Diabetes is a scourge that has prematurely taken my father and other dear members of my family. It is a disease that many others in my family deal with each and every day. We leave in fear of the devastating complications suffered by our loved ones – amputations, heart attacks, blindness, etc. For decades, this fear has become a driving force in our search for cures, answers, and treatments. We have read with interest all of the reports of new breakthroughs in science and medicine, have tried to enroll in clinical studies in hopes of finding a cure, participated in the walk-a-thons and other fundraisers, and have been excited, time and again, as new drugs were brought to market. With each new drug came lots of promises, promises so significant that we were willing to pay top-dollar in hopes of better health and a better life.
The first of these “breakthroughs” was Rezulin (troglitazone), which was approved by the FDA in 1997 as the first of a new class of insulin-sensitizing drugs. It held so much promise for my family and others. In 1999, however, the FDA held hearings regarding safety concerns over Warner-Lambert’s blockbuster. Rezulin was saved in 1999, but ultimately pulled from the market in 2000 after a number of patients suffered liver failure and a reported 90 patients died due to hepatic toxicity associated with the drug. At that time, however, patients were reassured that they should not mourn the recall of Rezulin as both Avandia and Actos were newly-approved drugs in the same class, both of which touted themselves as being far safer than Rezulin.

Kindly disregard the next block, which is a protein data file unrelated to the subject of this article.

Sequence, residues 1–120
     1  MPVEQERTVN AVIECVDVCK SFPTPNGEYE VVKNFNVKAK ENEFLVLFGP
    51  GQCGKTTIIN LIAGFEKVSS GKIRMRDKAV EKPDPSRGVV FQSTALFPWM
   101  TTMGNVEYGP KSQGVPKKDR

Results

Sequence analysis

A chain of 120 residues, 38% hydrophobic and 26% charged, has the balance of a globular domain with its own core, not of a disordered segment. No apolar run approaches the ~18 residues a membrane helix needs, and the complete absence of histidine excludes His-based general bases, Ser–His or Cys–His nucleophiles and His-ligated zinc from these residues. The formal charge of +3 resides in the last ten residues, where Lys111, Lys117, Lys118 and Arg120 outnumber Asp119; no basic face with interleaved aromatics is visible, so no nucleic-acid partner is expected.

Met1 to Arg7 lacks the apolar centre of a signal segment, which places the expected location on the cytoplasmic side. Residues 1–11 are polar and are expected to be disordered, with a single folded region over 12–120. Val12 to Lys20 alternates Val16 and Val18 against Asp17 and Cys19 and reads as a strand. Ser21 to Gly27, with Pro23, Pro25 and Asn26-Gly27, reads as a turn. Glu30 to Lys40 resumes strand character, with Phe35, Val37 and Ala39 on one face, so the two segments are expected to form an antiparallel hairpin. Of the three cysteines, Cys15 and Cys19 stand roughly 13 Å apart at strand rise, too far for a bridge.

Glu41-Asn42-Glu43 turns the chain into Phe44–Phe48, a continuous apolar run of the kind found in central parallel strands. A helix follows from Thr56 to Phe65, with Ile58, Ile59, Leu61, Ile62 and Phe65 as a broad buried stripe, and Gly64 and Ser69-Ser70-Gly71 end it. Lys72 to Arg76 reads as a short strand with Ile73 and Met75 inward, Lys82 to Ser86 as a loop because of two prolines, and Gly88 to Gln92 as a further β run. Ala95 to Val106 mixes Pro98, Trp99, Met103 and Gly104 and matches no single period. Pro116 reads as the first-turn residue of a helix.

Diabetics and their family members, including me, brushed ourselves off, and developed a new zeal for Avandia (rosiglitazone), which was approved by the FDA in 1999, amid as much if not more hype than had accompanied the approval of Rezulin a few years prior. That hope, however, was quickly dashed when reports of patients suffering congestive heart failure started to mount. By 2007, a number of Avandia patients had suffered heart attacks, strokes, and other serious cardiovascular injuries. Consumer groups and patient advocates screamed for the drug manufacturer and/or the FDA to pull the drug from the market. Instead, the tiny print on the drug warning label, one rarely seen by patients, was enhanced, while GlaxoSmithKline continued to prey upon diabetics desperate for a cure and sold billions of dollars worth of the drugs to one of the most fragile patient populations. It wasn’t until 2010-2011, after numerous diabetics died or suffered Avandia-induced injuries, that steps were implemented to withdraw rosiglitazone from widespread use. Truth be told, the drug was entering its twilight years anyway, so most of the benefit had already been reaped by the GlaxoSmithKline anyway.